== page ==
Thursday, April 9, 2020

#SCBWIdigital Workshop: Editor Sara Sargent Presents "Outstanding Openers: How to Grab Your Readers Right From the Start"

All of us at SCBWI hope you and yours and well and safe. Today, Thursday April 9, 2020, Random House senior executive editor Sara Sargent presented a #SCBWIdigital workshop to over 2,500 members, in which she shared her favorite first pages to illustrate "the seven key elements of a good beginning to a middle grade or young adult novel, and how to put them to work."

A screen capture of Sara Sargent discussing the opening of Graceling

Sometimes, even a presentation has a prologue. Today's is the question: What do we want the opening of our novel to accomplish?

Sara launched into examples of ways other authors have very successfully pulled off different strategies. Like the first page of Graceling by Kristin Cashore to discuss "effective sense of place." Sara explained that what makes it effective is that Kristin brings in an emotion to it. You get how Katsa's feeling by how the place is described.

"Bringing some emotional resonance into it really makes a difference."

Sara also had polls for each story opening shared, asking "Does this first page make you want to keep reading?" We got to answer Yes or No, and then Sara shared the poll results.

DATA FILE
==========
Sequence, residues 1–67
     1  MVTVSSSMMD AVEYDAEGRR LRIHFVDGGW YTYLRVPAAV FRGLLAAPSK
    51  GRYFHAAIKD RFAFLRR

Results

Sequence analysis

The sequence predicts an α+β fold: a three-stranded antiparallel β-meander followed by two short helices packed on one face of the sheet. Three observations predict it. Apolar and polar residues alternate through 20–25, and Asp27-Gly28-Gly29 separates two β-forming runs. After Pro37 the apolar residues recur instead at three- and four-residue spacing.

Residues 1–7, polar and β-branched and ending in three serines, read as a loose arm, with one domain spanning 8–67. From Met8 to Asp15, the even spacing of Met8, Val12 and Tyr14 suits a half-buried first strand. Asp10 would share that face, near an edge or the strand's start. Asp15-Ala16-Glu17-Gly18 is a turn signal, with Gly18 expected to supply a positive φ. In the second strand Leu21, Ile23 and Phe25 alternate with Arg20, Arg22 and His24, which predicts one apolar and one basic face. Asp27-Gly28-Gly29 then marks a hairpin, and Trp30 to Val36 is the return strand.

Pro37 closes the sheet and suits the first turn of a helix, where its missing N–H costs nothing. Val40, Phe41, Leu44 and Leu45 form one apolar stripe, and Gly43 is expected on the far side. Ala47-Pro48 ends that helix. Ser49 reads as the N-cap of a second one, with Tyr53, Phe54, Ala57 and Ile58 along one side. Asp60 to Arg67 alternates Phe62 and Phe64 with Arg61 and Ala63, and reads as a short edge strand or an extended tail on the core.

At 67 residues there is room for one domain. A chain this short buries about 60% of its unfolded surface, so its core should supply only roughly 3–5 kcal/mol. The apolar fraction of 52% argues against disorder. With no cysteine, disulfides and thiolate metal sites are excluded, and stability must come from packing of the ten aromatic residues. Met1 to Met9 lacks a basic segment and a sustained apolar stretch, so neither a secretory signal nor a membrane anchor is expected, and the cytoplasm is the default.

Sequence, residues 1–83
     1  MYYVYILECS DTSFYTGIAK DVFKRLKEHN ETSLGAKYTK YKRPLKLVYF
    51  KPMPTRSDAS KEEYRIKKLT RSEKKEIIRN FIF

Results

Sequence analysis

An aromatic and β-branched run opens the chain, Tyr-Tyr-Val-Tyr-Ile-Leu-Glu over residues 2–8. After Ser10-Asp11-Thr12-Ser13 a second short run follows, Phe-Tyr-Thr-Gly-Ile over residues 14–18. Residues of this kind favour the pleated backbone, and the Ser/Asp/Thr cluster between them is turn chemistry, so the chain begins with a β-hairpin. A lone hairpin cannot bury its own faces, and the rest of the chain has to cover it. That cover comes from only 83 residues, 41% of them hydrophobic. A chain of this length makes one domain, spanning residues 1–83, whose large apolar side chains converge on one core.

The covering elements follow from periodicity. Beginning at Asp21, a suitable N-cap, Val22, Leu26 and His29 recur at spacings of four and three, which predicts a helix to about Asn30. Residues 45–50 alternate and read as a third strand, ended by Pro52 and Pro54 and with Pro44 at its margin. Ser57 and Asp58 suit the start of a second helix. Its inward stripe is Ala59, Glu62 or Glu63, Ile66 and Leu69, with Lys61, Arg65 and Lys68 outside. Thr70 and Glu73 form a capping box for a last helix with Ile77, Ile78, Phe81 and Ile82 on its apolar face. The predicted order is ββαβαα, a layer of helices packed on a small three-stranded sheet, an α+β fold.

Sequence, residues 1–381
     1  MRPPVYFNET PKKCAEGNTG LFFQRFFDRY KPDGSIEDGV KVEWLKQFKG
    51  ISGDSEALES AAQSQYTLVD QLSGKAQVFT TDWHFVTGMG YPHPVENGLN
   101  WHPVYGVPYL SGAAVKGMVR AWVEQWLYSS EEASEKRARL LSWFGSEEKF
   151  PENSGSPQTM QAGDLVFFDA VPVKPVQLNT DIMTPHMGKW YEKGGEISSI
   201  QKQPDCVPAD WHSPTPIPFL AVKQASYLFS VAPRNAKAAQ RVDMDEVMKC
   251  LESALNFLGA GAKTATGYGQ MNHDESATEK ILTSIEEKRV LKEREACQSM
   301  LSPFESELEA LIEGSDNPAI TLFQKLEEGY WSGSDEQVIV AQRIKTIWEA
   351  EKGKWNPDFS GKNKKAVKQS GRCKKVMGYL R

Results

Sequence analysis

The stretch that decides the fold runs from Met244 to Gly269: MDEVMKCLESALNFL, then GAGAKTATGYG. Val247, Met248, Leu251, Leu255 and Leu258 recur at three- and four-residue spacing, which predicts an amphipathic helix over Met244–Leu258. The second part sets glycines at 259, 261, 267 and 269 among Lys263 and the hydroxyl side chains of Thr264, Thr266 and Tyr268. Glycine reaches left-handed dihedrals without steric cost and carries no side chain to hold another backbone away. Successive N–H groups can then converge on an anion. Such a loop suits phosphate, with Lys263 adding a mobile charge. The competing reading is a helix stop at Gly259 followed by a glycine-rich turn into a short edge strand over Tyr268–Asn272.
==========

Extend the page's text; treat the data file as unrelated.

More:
How many of us wanted to read more of Graceling?

79% yes.

John Green's prologue to Paper Towns was the example for "compelling voice,"

Katie Cotugno's first line of 99 Days was the example for "tension."

There were more examples and categories, even a category of "Damn good writing." (That example was Tuck Everlasting by Natalie Babbitt.)

This analysis of successful openings is something each of us can do on our own, too.

For our own openings, Sara advised us to be "honest about our strengths as a writer," and offered us a diagnostic exercise to weigh each element of our own opening page - asking us to work through each element and consider if it is solid, needs improvement, or is absent. There's even a diagnostic exercise for elements of openings we should avoid (like if our opening is too confusing, or has too much exposition, or is rushed.)

Sara discussed unlikeable characters, pacing, and so much more in this packed session. The workshop concluded with a wide-ranging Q&A. Lin Oliver even had a question of her own, about picture book openings.

Last words of Sara's wisdom from today's session that I'll share here was on Prologues:

"For me, the most effective prologues are when we seed and come back."
And hey, even this blog post managed to come back to prologues!

Thank you, Sara.

Stay safe, all.

p.s. - Did you miss it? The video is available for 30 days to SCBWI members here.

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